Green tea, though, was not the only thing produced in the region. Some 130 years ago - the time following the Meiji restoration - Japan tried to produce black tea for export as a governmental policy. Tea scholar and planter - Motokichi Tada - was sent to China and India to learn the black tea trade. The initiative wasn't a success for two reasons: (1) The sheer man-power and technical expertise required as well as demand locally and (2) competition with Sri Lanka (Ceylon).
Regardless of this setback, small farmers in the Mariko region of Shizuoka still practiced the art of black tea (or kocha) production. One such farmer, Niroku Matsumura, has been doing just that since 1953. Den's Tea mentions that Shirakata-Denshiro Shoten have been doing business with Matsumura for quite some time. As part of the 10th Anniversary of their North American "Den", they offered up some of his single estate kocha as a gift for purchases of $30 or more. I was lucky to get my hands on some of it via online tea friends.
It was also mentioned on the Den's site that the leaf cultivar used for the production of this black tea was called "Beni-Fuki" - a hybrid between Darjeeling varietals and the locally-grown Beni-homare, the latter of which was often used for black tea. The unique thing about any black tea production in Japan is the use of varietals usually reserved for green tea. The result is (apparently) a liquor that is smoother and less bitter. I had no prior exposure to attest or contest the claim.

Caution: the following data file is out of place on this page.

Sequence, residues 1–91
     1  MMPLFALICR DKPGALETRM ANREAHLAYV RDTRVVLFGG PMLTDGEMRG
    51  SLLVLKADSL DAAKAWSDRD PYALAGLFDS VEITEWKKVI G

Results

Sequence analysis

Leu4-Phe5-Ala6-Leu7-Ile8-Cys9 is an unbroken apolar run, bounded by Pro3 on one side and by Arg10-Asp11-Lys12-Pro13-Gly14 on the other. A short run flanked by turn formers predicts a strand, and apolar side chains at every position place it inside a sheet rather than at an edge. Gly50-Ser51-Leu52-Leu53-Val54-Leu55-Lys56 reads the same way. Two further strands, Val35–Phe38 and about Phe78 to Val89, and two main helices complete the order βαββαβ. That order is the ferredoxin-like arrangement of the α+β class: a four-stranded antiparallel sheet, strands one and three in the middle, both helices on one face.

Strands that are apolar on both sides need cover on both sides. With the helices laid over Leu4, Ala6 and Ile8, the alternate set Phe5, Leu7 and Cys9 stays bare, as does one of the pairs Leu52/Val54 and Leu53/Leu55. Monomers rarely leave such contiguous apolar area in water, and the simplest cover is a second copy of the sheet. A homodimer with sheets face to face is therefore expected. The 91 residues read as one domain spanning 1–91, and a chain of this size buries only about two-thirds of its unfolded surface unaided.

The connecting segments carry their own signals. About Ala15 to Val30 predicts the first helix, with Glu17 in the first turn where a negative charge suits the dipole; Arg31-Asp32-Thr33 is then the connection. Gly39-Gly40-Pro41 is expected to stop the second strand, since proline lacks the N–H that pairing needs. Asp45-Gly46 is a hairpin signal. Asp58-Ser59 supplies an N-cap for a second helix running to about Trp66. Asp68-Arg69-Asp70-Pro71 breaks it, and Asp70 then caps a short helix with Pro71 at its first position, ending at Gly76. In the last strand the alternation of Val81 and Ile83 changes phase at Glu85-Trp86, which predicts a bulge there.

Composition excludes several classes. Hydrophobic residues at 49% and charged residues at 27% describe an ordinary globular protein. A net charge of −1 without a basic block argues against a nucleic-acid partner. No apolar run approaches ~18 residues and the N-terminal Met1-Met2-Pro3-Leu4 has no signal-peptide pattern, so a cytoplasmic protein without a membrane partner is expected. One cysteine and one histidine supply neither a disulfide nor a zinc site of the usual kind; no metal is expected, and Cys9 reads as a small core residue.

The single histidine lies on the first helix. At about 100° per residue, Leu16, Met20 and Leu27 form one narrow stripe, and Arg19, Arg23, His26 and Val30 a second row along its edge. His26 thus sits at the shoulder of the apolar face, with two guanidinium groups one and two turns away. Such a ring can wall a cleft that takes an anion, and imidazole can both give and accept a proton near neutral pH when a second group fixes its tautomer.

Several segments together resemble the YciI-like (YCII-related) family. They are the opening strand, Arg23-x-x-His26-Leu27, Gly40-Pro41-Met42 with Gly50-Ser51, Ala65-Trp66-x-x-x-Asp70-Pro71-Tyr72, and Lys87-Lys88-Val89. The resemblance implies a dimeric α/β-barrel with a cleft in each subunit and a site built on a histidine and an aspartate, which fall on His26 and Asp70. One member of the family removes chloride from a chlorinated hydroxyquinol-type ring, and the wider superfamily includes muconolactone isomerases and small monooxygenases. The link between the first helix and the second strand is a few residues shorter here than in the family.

Personally, I wasn't that impressed with the visual presentation. The leaf array ranged from long stems to almost-CTC-cut granules. I even found a leaf piece that looked like a curly French fry; that was unusual. Their aroma also left much to be desired, resembling a typical black tea scent one would find from a Hy-Top teabag - slightly smoky but generic.
Brewing instructions on the sample bag called for 1 teaspoon of leaves per 6oz of boiled water, steeped for three minutes. I wanted a bigger glass than that, so I risked a heaping teaspoon in 8oz. Time and temp were left the same, though. I only had one shot at this.
The liquor brewed an amber-to-brown palette with a common-ish black tea nose. Some nostril-digging turned up a floral note...maybe. Overall, though, it possessed a mild malty aroma with a bit of a nutty characteristic. Nothing special, though. The taste, thankfully, was where this finally showed some shine. Den's was right about the lack of bitterness. Astringency was a little present, but not in a bad way. My favorite aspects were the sense of wood, grapefruit, grass and "sweet"; it was hard to describe. I think the best comparison I can come up with is a Thiashola-grown Nilgiri black tea blended with sencha. Most unusual.
I wouldn't say I'm a raving fan of this. The sheer difficulty in acquiring it isn't justified by the outcome. That said, it is a pleasant enough black tea that had a lot of acerbic character to offer. I purposely didn't supply a rating here because this was more of a reflection than a review. I was finally able to notch a tea off my "WANT" list, and it more-or-less lived up to its promise.
You can read more about this tea here.
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